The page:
BonJour's 'Basic Antifoundationalist Argument'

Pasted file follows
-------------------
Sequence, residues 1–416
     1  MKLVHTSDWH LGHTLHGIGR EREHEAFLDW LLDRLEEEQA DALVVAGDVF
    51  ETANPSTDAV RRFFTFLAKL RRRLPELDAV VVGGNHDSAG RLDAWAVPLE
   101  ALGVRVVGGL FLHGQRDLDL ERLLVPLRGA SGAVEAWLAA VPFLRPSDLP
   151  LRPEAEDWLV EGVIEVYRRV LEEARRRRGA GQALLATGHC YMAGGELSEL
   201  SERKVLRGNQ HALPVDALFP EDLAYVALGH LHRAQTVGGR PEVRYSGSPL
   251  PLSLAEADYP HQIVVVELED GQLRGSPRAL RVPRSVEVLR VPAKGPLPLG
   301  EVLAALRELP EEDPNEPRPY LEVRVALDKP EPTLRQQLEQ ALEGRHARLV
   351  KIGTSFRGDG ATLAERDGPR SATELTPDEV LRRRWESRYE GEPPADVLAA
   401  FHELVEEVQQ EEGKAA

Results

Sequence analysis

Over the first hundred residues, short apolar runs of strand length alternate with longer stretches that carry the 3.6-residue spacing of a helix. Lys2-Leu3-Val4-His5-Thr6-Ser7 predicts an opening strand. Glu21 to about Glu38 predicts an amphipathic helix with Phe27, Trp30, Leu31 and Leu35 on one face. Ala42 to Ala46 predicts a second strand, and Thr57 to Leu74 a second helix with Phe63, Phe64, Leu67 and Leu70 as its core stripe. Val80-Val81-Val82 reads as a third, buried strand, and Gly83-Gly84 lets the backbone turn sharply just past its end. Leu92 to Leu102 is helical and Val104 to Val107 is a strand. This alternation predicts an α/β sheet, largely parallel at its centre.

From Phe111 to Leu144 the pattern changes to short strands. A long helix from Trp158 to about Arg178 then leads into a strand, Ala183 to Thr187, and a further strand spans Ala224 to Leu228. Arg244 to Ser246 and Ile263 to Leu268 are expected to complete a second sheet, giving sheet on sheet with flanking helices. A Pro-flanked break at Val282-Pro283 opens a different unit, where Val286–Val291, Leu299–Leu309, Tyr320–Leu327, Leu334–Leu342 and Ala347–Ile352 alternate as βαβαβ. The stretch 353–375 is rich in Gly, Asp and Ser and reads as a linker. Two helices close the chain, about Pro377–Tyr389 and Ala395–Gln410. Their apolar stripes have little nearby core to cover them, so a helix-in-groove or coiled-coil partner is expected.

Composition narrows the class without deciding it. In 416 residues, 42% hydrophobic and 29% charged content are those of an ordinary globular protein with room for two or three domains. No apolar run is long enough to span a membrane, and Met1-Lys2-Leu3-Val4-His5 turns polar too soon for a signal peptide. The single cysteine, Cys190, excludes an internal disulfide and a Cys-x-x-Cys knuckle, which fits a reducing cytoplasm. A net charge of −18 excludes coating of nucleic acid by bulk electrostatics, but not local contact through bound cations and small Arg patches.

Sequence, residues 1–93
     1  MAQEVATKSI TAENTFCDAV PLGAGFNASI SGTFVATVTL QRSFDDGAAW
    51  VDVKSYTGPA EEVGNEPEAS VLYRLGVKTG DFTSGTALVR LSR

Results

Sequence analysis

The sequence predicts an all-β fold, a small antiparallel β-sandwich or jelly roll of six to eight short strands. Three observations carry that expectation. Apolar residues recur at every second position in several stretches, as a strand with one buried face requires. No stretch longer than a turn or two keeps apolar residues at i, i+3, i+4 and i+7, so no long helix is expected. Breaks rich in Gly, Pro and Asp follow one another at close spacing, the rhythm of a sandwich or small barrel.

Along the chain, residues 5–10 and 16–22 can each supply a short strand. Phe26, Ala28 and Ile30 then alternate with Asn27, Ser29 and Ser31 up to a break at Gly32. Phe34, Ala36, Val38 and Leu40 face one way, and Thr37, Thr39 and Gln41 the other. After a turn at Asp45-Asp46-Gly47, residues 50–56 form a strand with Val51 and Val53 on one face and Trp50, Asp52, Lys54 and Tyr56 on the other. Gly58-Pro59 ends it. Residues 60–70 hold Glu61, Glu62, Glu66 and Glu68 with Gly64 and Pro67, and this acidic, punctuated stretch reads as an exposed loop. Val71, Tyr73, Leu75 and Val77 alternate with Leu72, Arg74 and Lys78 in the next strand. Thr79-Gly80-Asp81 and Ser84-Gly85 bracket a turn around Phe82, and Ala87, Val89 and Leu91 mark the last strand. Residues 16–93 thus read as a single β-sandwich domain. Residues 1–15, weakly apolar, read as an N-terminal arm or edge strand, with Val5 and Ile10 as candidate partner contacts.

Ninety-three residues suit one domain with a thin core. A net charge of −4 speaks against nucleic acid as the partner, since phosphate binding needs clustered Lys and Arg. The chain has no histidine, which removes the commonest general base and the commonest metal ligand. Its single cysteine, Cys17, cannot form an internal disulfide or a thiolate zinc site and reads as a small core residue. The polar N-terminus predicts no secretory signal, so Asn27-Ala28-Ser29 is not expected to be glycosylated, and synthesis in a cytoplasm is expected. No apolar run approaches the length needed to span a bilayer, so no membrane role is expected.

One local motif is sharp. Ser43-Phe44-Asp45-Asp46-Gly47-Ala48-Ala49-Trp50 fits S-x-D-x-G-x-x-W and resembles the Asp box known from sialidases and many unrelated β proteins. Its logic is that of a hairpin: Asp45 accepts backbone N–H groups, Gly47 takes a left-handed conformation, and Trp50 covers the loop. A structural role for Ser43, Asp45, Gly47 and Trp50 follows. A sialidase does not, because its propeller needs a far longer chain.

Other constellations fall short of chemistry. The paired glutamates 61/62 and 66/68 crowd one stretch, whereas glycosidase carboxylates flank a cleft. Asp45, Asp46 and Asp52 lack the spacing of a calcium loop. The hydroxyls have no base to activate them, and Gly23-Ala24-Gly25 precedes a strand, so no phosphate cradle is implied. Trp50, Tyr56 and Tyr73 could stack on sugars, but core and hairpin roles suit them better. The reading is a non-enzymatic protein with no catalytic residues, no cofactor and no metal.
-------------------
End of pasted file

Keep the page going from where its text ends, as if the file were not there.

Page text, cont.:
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BonJour's 'Basic Antifoundationalist Argument' ABSTRACT: BonJour argues that there can be no basic empirical beliefs. But premises three and four jointly entail ‘BonJour’s Rule’ — one’s belief that p is justified only if one justifiably believes the premises of an argument that makes p highly likely — which, given human psychology, entails global skepticism. His responses to the charge of skepticism, restricting premise three to basic beliefs and noting that the Rule does not require ‘explicit’ belief, fail. Moreover, the Rule does not express an epistemic duty. Finally, his argument against this fails since it is false that if an experiential state has representational content, then it is in need of justification. I venture the diagnosis that BonJour mistook the representational content of a cognitive state for the assertive functional role of a belief. Foundationalism may well be false, but not for BonJour’s reasons. Laurence BonJour observes that critics of foundationalism tend to argue against it by objecting to "relatively idiosyncratic" versions of it, a strategy which has "proven in the main to be superficial and ultimately ineffective" since answers immune to the objections emerge quickly. (1) BonJour aims to rectify this deficiency. Specifically, he argues that the very soul of foundationalism, "the concept of a basic empirical belief," is incoherent. (2) This is a bold strategy from which we can learn even if, in the end, as I shall argue, it fails. But, first, what is foundationalism? A person's belief is ‘nonbasic’ just in case it is justified in virtue of its relation to other justified beliefs; it is ‘basic’ just in case it is justified but not in virtue of its relation to other justified beliefs. Foundationalism is the view that if one has a nonbasic belief, then — in the final analysis — it is justified in virtue of its relation to a basic belief. Basic beliefs comprise the foundation of a person's network of justified beliefs. Now to BonJour's argument. 1. The Argument Stated BonJour summarizes it like this: 1. Suppose, for reductio, that there are basic empirical beliefs. 2. A belief is justified only if there is a reason why it is likely to be true. 3. A belief is justified for a person only if he is in cognitive possession of such a reason. 4. A person is in cognitive possession of such a reason only if he believes with justification the premises from which it follows that the belief is likely to be true.

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